Acclaimed writer Saadat Hasan Manto was today honoured with the Nisan-i-Imtiaz, Pakistan's highest civilian award, 57 years after he died in virtual penury following several trials on charges of obscenity.
Manto is best known for his short stories, especially those that explored the impact of the partition of the subcontinent into India and Pakistan in 1947.
He ended a career as a scriptwriter in Mumbai to move to Pakistan with his family in early 1948.
His frank style angered conservatives in Pakistan and he faced trial three times on charges of obscenity.
Though his work was popular, several newspapers and periodicals refused to publish his writing.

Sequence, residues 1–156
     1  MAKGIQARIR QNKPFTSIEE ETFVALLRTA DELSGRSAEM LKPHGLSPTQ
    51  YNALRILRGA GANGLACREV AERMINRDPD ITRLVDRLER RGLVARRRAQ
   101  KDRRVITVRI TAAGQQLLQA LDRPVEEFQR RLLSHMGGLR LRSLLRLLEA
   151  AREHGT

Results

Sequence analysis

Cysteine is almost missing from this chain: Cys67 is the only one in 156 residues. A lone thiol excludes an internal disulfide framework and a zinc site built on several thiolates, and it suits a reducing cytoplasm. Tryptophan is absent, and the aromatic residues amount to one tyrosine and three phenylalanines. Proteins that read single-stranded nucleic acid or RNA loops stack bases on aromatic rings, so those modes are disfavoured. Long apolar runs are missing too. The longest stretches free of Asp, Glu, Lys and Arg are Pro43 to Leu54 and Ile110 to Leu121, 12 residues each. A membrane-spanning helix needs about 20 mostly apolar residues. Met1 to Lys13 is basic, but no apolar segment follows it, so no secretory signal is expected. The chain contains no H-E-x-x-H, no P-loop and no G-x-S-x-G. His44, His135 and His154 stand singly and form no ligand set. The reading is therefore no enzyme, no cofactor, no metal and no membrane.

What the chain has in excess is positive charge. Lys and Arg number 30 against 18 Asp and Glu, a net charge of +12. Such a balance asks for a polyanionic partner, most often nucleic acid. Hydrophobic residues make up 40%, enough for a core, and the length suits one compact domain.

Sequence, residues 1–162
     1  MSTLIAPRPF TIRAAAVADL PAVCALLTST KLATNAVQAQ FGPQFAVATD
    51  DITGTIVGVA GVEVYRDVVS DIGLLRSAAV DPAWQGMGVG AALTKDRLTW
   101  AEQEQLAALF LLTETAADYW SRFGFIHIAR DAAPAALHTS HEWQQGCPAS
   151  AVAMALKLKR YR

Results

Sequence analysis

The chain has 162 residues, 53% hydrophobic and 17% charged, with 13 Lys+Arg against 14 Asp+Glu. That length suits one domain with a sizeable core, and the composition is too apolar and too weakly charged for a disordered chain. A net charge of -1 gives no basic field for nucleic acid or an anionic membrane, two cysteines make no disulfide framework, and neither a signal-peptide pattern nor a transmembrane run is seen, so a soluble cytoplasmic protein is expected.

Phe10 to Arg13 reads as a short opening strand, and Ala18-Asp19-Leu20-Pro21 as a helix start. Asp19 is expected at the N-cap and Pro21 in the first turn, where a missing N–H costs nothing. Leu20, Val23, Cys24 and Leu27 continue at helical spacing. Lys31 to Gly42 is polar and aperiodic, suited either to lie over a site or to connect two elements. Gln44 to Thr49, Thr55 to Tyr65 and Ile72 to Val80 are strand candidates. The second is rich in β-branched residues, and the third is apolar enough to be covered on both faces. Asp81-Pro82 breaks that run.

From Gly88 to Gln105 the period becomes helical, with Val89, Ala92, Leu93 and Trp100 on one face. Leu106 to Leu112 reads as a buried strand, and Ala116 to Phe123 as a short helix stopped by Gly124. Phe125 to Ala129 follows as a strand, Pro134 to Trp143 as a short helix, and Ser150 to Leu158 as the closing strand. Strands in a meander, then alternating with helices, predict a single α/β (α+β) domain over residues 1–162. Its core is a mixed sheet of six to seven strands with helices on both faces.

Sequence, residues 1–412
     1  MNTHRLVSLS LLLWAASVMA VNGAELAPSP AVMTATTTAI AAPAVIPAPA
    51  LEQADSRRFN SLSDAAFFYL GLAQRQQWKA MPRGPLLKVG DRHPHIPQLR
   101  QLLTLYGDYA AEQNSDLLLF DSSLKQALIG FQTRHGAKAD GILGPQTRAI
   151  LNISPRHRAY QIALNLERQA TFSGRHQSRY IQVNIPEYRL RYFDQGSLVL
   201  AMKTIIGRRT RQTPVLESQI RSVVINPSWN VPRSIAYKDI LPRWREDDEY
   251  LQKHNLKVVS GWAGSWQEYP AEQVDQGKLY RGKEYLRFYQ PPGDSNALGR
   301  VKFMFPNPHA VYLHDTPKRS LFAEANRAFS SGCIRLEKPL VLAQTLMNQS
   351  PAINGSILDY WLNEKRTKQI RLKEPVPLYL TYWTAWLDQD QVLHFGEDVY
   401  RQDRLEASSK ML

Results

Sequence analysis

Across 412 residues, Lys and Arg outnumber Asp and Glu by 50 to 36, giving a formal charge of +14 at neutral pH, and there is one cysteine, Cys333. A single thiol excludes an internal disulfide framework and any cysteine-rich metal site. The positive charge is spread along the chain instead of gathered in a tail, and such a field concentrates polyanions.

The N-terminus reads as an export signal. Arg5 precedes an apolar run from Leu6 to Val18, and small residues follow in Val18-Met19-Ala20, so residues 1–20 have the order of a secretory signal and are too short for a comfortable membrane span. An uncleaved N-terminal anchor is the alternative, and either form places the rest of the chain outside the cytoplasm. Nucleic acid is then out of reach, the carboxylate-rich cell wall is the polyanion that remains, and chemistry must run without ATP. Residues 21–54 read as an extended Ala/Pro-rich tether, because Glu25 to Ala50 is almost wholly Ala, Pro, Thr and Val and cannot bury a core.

Manto died at the age of 42 in 1955, largely due to the effects of alcoholism.
Along with Manto, renowned singer Mehdi Hassan too was posthumously honoured with the Nishan-i-Imtiaz.
Hassan, popularly known as the "Shahenshah-e-Ghazal", died in June at the age of 84 following a prolonged illness.
The presidency announced the awards on the eve of Pakistan's Independence Day.
They will be given away at an investiture ceremony to be held on Pakistan Day on March 23 next year.
Others who were honoured with the Nishan-i-Imtiaz include rights activist Abdul Sattar Edhi, who runs Pakistan's largest charity organisation, Lt Gen (retired) Khalid Kidwai, the head of the Strategic Plans Division that manages the country's nuclear arsenal, and late Munir Ahmed Khan, a former head of the Pakistan Atomic Energy Commission.
A total of 192 people were honoured with civilian awards for their contributions in fields like arts and literature, public service, nuclear science, healthcare, education and sports.